so much depends
a red wheel
glazed with rain
beside the white
The Red Wheelbarrow by William Carlos Williams is arguably one of the best known and most significant modern poems. It’s iconic. It’s one of the first poems I read as a student of poetry in college and it’s probably part of why Williams is a favorite poet of mine to this day. I’ve always thought of him as a poet of the people–there’s something for everyone to love in his work. His poems are easily remixed and retooled and most of them are even social media friendly. I am certain that Williams would have loved Twitter.
Williams is part of the modernist poetry movement. He wrote poetry when our ideas of what a poem could be and what a poem should be were changing; he’s part of why those ideas changed. You can see why with “The Red Wheelbarrow.”
This poem is sleek and elegant but it’s also earthier and more subtle than many earlier poems (like Shakespearean sonnets or Romantic poetry from writers like Blake or Shelley). Williams brings the same intricacy and thought to this poem–that’s the whole basis of what a poem does, after all–but it’s still a bit shocking.
This poem is stark. It’s a flash. A moment. Blink and you might miss it. Read it too fast and the beauty is lost. Unlike many other poetic forms, this free verse poem is also deceptive. Williams effectively draws the reader’s attention away from the complexity of this poem. The simplicity of the wording and the form belie the underlying thought and intricacy. Looking at the way the words are laid out, it’s clearly a deliberate decision. More so, in conveying such an evocative scene with fifteen words (none of which repeat) in just one small sentence gives this poem added weight and significance.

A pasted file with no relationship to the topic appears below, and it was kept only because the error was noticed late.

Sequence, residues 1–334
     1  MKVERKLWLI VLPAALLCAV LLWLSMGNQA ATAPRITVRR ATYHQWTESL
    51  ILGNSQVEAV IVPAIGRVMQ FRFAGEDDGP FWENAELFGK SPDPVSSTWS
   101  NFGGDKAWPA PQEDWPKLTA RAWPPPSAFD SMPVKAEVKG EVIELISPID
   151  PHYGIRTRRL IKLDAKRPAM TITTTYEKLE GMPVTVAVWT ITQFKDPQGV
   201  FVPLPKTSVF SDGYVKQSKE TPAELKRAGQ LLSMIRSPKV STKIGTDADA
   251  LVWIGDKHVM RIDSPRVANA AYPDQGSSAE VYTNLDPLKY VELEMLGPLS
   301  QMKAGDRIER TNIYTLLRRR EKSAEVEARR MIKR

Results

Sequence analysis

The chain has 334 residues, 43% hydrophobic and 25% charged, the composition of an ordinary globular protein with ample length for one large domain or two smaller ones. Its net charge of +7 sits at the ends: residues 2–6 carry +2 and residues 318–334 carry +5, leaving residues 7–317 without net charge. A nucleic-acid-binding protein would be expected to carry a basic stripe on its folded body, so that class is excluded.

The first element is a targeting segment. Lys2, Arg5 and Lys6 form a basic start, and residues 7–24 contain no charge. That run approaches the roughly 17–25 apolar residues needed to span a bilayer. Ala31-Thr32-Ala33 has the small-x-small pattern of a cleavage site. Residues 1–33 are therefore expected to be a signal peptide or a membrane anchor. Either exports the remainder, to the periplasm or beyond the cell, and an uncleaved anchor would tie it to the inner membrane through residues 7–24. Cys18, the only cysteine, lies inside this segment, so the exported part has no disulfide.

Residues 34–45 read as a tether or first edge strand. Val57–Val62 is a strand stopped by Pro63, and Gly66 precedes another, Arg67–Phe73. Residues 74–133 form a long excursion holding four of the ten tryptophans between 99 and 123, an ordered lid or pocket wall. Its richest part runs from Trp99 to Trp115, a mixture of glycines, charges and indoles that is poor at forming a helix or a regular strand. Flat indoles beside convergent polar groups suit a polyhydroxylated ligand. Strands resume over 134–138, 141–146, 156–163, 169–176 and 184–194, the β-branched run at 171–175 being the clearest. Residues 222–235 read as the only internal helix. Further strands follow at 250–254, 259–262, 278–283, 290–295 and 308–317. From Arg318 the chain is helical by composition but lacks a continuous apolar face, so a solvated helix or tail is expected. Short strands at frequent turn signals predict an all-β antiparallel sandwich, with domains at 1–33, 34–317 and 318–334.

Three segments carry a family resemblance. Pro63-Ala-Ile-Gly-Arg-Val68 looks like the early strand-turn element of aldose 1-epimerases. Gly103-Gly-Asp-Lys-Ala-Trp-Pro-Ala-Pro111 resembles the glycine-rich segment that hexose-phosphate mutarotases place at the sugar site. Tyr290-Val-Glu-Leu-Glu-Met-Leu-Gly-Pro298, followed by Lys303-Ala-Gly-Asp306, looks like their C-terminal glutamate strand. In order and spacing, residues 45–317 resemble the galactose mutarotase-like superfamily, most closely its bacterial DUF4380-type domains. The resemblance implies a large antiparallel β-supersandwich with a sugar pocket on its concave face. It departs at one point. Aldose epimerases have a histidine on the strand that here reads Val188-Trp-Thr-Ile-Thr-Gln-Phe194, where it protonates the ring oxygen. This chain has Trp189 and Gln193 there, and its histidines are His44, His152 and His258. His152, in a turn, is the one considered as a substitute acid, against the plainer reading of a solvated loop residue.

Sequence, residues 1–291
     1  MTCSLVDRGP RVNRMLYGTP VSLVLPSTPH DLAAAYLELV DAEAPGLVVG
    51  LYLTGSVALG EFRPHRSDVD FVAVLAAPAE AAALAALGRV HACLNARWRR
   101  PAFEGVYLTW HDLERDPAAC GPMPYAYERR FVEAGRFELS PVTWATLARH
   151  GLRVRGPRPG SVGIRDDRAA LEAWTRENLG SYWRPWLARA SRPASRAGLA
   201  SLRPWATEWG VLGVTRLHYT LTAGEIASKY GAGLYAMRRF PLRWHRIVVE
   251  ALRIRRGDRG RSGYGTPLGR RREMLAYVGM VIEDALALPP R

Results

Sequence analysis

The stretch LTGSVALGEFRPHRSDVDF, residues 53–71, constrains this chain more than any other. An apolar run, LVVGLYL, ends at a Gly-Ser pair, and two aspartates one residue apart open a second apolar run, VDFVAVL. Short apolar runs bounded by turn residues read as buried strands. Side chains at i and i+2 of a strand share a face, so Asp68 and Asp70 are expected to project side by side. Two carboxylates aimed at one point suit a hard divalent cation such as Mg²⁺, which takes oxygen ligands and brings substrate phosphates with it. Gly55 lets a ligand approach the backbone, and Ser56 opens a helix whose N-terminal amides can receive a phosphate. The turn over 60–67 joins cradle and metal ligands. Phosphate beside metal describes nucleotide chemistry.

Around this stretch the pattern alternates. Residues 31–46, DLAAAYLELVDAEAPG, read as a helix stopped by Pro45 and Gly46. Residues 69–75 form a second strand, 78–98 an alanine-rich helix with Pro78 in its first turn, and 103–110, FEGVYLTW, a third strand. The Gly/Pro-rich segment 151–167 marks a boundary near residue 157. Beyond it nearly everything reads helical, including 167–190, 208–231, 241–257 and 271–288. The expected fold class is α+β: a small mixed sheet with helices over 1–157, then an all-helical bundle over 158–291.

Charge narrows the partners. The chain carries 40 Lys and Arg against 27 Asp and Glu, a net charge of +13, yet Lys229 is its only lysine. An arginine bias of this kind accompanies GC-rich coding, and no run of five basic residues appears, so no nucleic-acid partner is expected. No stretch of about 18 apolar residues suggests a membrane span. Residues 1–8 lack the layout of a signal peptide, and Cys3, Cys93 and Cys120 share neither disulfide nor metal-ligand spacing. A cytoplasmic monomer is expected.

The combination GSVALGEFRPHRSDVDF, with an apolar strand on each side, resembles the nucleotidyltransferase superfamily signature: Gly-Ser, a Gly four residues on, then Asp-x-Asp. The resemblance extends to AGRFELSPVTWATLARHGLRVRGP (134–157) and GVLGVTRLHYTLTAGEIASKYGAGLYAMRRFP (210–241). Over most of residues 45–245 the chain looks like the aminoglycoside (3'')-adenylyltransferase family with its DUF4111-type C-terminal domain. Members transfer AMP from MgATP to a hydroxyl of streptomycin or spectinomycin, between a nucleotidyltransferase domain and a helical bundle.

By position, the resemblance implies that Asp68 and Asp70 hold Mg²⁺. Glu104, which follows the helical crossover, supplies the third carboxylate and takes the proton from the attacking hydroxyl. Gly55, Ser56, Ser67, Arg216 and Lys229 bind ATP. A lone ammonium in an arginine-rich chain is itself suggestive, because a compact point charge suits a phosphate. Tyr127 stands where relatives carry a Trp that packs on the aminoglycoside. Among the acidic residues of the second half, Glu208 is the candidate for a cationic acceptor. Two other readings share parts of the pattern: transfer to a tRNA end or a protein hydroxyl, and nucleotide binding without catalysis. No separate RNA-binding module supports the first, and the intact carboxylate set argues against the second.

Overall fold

The poem itself seems to be imploring the reader to slow down and really pay attention–a sentiment that is mirrored neatly with the content of the poem. So much depends upon a red wheelbarrow glazed with rain water beside the white chickens. Why is that so? Williams doesn’t need to tell us. Just by saying it, by drawing our attention to it, the scene becomes significant largely because we are observing it as readers.
Poetry is timeless. It is intensely personal but it can also be universal. I wanted to close out Poetically Speaking 2017 with “The Red Wheelbarrow” because it exemplifies all of those things. Our world isn’t the one that Williams inhabited. It may not be the one readers will see if they stumble upon this post a year from now or even further down the line. Everything changes but poetry and ideas endure. In a time when everything is moving faster and faster, this poem is one of the best reminders to stop for a second. To breathe. To look around and to look up. And to remember that so much can change because of one small moment observed.
I hope you enjoyed spending Fridays this month talking about poetry here. I’d love to hear your thoughts about “The Red Wheelbarrow” (or any other poems) in the comments as we close out another National Poetry Month.